Hardly a day has gone by, Warren said, that someone doesn’t bring up the 1983 NCAA championship in conversation. Everyone, it seems, remembers where they were when Valvano, scarcely believing the game-winning shot, raced around the court, looking for a player to hug.
Gottfried’s hiring last April, following the modest success of Herb Sendek and a disappointing run under Lowe, was hardly a slam dunk.
Even Yow implied he was a compromise choice, publicly claiming that Maryland Coach Gary Williams “has tried to sabotage the search.”
“When she first decided to hire Gottfried, no one was really excited,” said Amer, the N.C. State junior. “I hadn’t really heard of Coach Gottfried. I was kind of like, ‘I don’t know about this.’ But she proved us all wrong.”
Gottfried, a former head coach at Alabama and assistant at UCLA, set to work with vigor. He beefed up the Wolfpack’s nonconference schedule in hopes of toughening the squad and raising its national profile.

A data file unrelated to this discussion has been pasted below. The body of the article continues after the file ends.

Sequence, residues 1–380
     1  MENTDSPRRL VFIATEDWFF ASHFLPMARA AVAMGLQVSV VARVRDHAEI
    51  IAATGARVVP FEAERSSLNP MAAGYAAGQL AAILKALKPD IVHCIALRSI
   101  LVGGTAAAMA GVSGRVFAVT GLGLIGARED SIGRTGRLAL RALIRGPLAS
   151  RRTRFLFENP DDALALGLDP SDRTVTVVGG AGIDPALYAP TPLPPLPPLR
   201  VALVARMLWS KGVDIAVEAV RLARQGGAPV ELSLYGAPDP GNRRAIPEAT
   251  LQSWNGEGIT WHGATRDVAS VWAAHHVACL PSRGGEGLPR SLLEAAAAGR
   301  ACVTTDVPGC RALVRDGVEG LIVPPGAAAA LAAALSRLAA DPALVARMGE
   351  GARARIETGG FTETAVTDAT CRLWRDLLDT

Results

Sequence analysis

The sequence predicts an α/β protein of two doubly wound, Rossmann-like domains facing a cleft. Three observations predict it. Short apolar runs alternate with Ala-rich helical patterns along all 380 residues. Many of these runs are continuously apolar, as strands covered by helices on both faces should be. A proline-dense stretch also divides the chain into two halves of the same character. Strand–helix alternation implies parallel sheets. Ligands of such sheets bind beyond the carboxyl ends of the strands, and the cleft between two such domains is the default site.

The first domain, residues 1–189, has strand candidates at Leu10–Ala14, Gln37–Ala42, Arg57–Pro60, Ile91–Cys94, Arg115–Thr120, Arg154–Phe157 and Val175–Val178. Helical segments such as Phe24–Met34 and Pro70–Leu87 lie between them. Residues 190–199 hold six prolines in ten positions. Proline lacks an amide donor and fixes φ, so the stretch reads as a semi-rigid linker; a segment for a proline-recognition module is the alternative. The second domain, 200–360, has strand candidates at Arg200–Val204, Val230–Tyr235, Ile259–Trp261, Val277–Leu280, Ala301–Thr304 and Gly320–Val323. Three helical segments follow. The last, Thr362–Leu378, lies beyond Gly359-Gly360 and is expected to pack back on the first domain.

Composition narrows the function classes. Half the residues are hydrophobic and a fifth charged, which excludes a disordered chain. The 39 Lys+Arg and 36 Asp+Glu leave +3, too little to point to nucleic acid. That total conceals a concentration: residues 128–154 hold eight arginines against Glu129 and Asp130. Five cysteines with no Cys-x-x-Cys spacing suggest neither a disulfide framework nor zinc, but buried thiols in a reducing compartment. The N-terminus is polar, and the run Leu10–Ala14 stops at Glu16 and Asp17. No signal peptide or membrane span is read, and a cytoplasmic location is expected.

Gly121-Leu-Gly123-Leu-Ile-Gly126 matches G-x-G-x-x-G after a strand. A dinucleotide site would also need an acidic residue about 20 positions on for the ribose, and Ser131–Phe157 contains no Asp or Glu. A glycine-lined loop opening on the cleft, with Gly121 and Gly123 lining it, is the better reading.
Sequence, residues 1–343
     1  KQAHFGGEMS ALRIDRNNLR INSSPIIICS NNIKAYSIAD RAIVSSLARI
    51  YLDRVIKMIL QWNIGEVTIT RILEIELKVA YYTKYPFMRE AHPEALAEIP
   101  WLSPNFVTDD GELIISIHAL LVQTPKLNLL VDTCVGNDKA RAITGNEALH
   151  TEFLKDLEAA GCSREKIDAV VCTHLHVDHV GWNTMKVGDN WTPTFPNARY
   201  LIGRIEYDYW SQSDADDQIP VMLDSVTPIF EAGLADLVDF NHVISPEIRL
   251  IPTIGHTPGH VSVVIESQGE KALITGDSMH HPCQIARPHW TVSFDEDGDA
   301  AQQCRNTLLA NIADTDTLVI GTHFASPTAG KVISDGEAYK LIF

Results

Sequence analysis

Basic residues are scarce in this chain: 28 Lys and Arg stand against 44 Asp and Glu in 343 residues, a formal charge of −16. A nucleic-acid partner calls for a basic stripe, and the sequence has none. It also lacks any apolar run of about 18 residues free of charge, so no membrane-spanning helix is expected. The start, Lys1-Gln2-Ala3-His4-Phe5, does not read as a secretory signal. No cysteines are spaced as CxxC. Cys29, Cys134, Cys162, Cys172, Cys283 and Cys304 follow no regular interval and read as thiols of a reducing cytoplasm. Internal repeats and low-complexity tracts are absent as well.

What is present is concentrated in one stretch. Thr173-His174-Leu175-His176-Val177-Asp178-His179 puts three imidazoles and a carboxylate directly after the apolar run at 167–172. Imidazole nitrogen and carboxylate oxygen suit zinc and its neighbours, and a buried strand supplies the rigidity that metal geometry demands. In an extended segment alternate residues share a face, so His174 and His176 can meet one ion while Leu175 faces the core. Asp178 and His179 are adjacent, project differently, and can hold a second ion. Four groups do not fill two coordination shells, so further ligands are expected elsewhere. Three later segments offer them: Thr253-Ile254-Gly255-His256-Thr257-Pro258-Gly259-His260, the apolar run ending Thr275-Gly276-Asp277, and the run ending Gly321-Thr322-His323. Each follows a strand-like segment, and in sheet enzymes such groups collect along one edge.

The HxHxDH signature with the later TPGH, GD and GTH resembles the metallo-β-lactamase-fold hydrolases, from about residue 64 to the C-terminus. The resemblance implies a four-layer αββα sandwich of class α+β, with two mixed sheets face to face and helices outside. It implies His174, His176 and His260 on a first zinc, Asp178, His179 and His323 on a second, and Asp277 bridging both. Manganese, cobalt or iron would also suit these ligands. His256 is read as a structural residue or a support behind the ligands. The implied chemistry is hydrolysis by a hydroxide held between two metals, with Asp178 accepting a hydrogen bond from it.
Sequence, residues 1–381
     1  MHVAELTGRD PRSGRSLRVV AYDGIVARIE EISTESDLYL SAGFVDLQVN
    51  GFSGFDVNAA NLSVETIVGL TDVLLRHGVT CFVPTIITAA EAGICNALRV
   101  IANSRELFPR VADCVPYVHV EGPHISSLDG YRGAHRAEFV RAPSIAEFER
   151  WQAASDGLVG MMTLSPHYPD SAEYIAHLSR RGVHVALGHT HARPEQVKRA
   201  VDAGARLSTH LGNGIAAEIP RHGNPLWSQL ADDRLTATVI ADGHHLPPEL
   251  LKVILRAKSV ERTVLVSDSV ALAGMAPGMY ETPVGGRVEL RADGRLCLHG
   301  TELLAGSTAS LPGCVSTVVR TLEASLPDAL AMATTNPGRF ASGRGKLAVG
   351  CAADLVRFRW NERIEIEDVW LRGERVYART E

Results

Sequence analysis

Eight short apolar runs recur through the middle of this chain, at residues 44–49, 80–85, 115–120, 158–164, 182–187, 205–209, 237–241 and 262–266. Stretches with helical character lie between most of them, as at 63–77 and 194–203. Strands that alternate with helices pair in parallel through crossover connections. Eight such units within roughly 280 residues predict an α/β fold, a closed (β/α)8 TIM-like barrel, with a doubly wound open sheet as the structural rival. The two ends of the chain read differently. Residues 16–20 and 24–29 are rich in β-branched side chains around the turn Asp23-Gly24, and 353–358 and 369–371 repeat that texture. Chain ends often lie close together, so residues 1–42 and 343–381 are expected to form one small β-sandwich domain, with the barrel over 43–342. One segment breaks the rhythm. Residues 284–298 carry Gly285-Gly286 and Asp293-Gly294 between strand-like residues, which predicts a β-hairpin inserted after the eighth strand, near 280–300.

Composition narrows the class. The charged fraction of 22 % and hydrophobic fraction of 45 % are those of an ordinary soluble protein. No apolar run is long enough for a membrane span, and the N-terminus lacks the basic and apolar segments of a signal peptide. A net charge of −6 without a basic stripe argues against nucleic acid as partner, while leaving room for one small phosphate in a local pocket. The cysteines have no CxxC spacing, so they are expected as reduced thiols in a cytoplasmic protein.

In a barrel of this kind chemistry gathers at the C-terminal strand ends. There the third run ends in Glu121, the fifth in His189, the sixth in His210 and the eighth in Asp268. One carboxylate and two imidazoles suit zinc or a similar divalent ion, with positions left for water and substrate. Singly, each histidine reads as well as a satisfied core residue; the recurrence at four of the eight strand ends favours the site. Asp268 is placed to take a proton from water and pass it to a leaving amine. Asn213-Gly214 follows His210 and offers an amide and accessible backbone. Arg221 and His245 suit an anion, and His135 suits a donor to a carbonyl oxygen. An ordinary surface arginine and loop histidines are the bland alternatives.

Having inherited a talented but underperforming roster, he shifted shooting guard Lorenzo Brown to point guard, urged 6-foot-8 forward Richard Howell to pare down and tone up and persuaded often inattentive C.J. Leslie, a McDonald’s all-American, to buckle down.
And to spark interest as the season neared, he vowed to skydive into Carter-Finley Stadium during an N.C. State football game in September. Bad weather scuttled the jump, but the bit of huckster-ism succeeded.
Today, the coach is hailed campus-wide as N.C. State’s “Gott-father,” revered for his bold tactics and bullish expectations.
“We always talk about how we have such great history at State,” Gottfried said after toppling Georgetown. “But it’s time to build some new history.”
Said Warren, the former N.C. State player: “What I like so much about what Mark has done, he has reminded these kids that they should have confidence. He has given them that confidence. They are good basketball players; there’s not one on that team that some other school didn’t want pretty badly. And he has reminded them of that.
“He has reminded them that not only are they capable, but they belong. And that’s the one thing that N.C. State, over the last 20-plus years, we sort of forgot that we belong. It’s good to be there again.”